The New York City Water Trail Association, a non-profit group of citizen scientists that test water quality throughout the NY Harbor shoreline, reported alarming results last week.
A 0.4 inch rainfall on September 14 seems like it was enough rain to cause a combined sewer overflow event in Flushing Bay and Flushing Creek; four of the six samples from the Bay and Creek taken the following day maxed out the lab’s bacteria count of >24,196 counts of Enterococcus colonies for a 100mL water sample. Enteroccus is an indicator bacteria that indicates the possible presence of sewage in the water. NYC Department of Health sets safe swimming standards for acceptable levels of bacteria in the water. Enterococcus counts higher than 104 colonies are considered unacceptable. The Water Trail Association posts their results on their website every week.
Combined sewer overflow isn’t always the cause of high levels of bacteria in the water. Sometimes, illegal sewer connections discharge sewage directly into waterways, even on sunny days. Two weeks ago, the New York State Department of Environmental Conservation (DEC) reported illicit sewage flows into Coney Island Creek:
“On September 7, 2016, NYCDEP [NYC Department of Environmental Protection] notified the department that the agency had discovered that 15 buildings, with a total of 990 apartments, are discharging sewage to the storm sewer that discharges into Coney Island Creek via outfall CI-641. This discovery was made during NYCDEP’s ongoing investigation of illicit sewage discharges into Coney Island Creek at the request of DEC. The NYCDEP estimates the total volume of sewage being discharged to the Creek from these buildings to be approximately 200,000 gallons per day. NYCDEP is continuing to inspect buildings in the area. DEC staff inspected the site on September 8 and September 12, 2016. The 15 buildings had failed sanitary lines either caused by blockages or broken lines. To prevent sewage from backing up in the buildings, the house trap caps for the storm lines were removed to allow sewage to flow from the sanitary lines to the storm lines. DEC Staff is continuing to investigate this case to determine the owner of each building. Repairs have started to correct the connections.”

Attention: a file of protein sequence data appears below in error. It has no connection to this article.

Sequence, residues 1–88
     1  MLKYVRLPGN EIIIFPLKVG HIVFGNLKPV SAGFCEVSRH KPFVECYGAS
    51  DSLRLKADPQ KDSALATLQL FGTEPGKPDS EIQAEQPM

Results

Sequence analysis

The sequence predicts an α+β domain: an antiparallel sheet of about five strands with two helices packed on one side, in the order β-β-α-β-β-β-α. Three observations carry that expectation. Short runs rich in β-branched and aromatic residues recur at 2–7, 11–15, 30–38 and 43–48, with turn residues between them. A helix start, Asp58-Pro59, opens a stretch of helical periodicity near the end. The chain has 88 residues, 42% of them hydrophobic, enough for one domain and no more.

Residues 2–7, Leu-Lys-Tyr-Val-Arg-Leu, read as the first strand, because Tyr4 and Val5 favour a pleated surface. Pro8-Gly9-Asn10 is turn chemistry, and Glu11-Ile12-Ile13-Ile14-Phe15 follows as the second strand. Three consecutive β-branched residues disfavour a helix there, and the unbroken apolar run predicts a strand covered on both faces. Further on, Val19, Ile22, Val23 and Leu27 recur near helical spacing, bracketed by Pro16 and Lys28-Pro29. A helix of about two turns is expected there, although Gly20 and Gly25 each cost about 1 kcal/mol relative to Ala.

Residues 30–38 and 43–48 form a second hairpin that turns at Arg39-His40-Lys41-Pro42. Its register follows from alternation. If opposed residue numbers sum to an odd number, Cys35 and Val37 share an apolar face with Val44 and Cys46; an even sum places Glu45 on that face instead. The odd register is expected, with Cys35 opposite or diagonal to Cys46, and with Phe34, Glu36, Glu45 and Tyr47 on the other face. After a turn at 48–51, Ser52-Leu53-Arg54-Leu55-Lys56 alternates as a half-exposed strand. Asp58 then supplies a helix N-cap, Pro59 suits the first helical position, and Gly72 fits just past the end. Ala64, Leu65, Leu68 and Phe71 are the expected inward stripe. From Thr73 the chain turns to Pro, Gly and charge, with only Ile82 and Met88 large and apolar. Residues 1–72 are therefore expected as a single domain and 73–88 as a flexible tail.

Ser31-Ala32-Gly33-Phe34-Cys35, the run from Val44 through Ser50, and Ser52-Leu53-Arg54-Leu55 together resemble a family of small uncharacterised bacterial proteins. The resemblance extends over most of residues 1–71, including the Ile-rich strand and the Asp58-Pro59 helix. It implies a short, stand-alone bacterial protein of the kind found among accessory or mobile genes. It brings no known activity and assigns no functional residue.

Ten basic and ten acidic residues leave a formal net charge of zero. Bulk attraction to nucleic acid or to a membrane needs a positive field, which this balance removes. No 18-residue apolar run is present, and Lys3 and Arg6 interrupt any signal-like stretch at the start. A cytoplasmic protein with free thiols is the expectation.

DEC, under the Sewage Pollution Right to Know Act, posts recent NY State sewage alerts, but they only go back one week, so this notification is no longer available. An archive of alerts is available, but has not been updated since May 2016. You can sign up for real time alerts on DEC’s webpage.
And finally, last week Riverkeeper boat captain John Lipscomb discovered over 200 plastic bags filled with “black, semi-gelatinous sediment”. Captain Lipscomb believes whoever left the plastic bags in the Creek must had done it recently and intentionally. The sediment material has been taken to DEC for potential testing. The Brooklyn Eagle and NY Daily News have reported on this story.
Your advocacy is important to advance improvements in water quality in New York City! Get involved with SWIM or our member organizations, and keep us informed if you hear of dumping, sewage, or other threats to your local waterbody.